When severe weather hit Canterbury, two trampers missed the alert and spent three days trapped in Mt Somers Hut. By Kelly Taylor
We could see the storm at our heels.
Completely surrounded by snow, trudging over the alpine saddle, my legs were aching against the cold and exertion. We were less than an hour away from Pinnacles Hut in Mt Somers Conservation Park, the second shelter on Mt Somers Track.
An hour after we started our winter hike the previous day, Metservice had issued a ‘red warning’ for only the second time ever. We didn’t get this warning and were about to be caught in extreme weather that would cause widespread flooding throughout the region. What we expected to be a splash of rain turned out to be the equivalent of Canterbury’s annual rainfall in three days.
Ten minutes after reaching Pinnacles Hut, it started. The wind and rain whipped and wailed and the nearby stream rumbled in warning. This was no ordinary storm. It was obvious that our planned one-night stay would have to be extended.
I put our wet gear to dry above the fireplace while my partner frantically chopped firewood. The fire was the heart of the hut. It kept us dry and cosy for three nights as the storm raged outside.
We were well prepared and experienced. We had suitable gear, extra food, a PLB, crampons and decent practical skills. But, as we lay in our sleeping bags in the darkness, it felt like the storm would never end and as though we were living on a different planet.
It is strange to be in a place of safety during a dangerous situation. Our days of uncertainty were full of the simple pleasures that many people came to appreciate during lockdown. The hut became home as we accepted our plight and settled into a routine. We’d make coffee in the morning, eat breakfast, stretch, play cards, read and put on full wet weather gear (which felt like putting on a hazmat suit) to chop firewood or collect water from the stream. It was noodles for lunch, homemade dehydrated meals for dinner. Although morale was stable, the card games became increasingly competitive.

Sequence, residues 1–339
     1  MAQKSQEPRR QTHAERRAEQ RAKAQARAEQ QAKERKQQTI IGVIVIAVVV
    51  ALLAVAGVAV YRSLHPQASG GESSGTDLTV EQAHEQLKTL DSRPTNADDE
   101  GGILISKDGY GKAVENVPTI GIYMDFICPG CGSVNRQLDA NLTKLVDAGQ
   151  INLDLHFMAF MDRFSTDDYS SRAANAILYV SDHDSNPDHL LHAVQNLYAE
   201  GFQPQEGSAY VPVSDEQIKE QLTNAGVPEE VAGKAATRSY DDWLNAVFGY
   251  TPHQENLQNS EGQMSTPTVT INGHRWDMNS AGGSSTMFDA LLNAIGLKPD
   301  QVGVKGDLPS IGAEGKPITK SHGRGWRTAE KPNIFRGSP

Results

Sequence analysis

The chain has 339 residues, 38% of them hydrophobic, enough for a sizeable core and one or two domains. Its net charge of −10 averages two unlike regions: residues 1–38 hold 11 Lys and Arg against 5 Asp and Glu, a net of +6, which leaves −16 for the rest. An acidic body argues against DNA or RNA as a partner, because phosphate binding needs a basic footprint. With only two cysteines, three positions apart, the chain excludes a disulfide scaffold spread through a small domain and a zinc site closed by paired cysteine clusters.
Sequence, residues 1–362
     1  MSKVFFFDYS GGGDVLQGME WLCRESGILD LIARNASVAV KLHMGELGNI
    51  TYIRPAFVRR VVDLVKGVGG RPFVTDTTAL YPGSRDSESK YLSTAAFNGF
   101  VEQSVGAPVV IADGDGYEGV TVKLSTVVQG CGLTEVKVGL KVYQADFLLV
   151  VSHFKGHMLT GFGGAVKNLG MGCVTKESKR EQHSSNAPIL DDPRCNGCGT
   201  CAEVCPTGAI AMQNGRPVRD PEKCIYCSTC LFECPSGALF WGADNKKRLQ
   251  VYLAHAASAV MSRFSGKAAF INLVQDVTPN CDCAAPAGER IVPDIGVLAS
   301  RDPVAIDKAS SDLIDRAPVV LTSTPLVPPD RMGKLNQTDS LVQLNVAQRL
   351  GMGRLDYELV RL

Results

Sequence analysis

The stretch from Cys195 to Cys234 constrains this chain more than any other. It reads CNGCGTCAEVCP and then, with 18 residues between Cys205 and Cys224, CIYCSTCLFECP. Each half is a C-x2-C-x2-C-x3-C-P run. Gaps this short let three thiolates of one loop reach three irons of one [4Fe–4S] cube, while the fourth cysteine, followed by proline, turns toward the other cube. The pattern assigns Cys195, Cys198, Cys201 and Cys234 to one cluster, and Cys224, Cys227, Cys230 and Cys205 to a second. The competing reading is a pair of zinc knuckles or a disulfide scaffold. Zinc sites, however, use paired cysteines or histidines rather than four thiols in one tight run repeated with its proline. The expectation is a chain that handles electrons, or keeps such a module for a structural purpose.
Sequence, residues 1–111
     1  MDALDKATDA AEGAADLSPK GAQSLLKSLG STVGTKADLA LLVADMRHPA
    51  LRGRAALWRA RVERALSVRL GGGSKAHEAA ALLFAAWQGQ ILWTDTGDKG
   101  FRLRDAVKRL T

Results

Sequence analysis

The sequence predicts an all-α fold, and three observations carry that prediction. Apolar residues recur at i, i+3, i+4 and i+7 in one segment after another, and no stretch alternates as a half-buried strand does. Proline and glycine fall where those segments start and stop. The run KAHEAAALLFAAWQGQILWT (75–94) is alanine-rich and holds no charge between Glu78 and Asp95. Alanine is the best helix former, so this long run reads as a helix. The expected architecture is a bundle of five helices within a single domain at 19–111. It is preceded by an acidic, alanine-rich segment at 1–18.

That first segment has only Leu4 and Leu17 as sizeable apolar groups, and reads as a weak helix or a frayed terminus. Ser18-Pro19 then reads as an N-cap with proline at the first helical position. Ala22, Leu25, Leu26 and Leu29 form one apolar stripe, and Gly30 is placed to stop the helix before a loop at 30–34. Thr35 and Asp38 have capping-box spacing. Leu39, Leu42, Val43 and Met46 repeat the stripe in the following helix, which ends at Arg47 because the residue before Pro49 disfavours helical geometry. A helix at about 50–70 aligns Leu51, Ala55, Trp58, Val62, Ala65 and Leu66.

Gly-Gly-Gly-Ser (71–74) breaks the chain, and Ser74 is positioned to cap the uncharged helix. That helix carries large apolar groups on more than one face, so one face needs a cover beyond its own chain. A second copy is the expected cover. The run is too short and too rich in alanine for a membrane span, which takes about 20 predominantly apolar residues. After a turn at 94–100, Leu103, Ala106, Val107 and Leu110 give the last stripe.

Our biggest concerns were our dwindling food supply and how we would walk out while the rivers were flooded and the track most likely damaged. Knowing we didn’t want to eventually walk out on an empty stomach, and sure DOC would understand, we set our sights on the tiny warden’s quarters, empty and locked for the season. After carefully sliding the panels of glass out of the window, my partner boosted me through the tiny opening. We found a dehydrated chickpea curry, porridge, sugar, potato flakes, spare candles. This small bounty brought us such joy.
As the storm continued into the third day, a sense of dread about how we’d get out started growing. Even though our phone was showing No Service, we tried calling 111 and, perhaps because the call was carried by another service provider, we got through and told the police of our predicament. We were told how bleak the situation truly was throughout Canterbury and were told there would be a temporary improvement in the weather the following day and we should attempt to walk out. The road end car park was inaccessible due to liquefaction and storm damage, so our rental car would be left behind (where it stayed for over a month). We would walk down the road to meet a police officer.
After 72 hours of non-stop torrential rain, we woke to find it misty and spitting outside. We had an enormous bowl of porridge and coffee, packed up our gear, and carefully retraced our steps back over the saddle. If the river crossings were too dangerous, we would have to activate the PLB.
At first, we were surrounded by fog but as we climbed higher it cleared and the sun broke through in golden rays to illuminate the misty valleys on one side and the beige fluff of mountain tundra on the other. The Alps provided a glorious backdrop to our return to the real world.
There were many Indiana Jones-esque dangers on our way back: major landslips which had wiped out chunks of the track and uprooted trees, fallen debris and flooded rivers. We assessed the rivers as moving at about walking pace but still crossable by linking arms and using walking poles for support.
We finally made the car park and, after gathering everything from our trapped rental, walked down the road to meet the policewoman waiting for us. Just when we thought we were out of danger, we plunged into waist-deep mud on a piece of road which had undergone liquefaction. We laughed as we walked the final kilometre caked in mud.
The experience gave us a new appreciation for the enormous power of New Zealand’s weather, the importance of flexibility in risk analysis, and the simple pleasures of hut life. If we had stuck to our original plan we may not have made it out. Despite the uncertainty and anxiety we experienced during our ‘lockdown’, living and breathing so closely with nature’s forces gave us an exhilarating jolt of feeling alive.